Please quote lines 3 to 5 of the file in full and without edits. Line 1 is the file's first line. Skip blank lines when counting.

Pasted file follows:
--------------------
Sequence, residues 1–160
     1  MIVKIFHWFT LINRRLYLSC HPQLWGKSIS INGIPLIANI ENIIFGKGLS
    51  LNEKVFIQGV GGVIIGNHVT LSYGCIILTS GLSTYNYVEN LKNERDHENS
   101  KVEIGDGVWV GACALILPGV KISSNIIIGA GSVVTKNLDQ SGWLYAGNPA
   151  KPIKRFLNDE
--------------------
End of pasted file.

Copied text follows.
    51  LNEKVFIQGV GGVIIGNHVT LSYGCIILTS GLSTYNYVEN LKNERDHENS
   101  KVEIGDGVWV GACALILPGV KISSNIIIGA GSVVTKNLDQ SGWLYAGNPA
   151  KPIKRFLNDE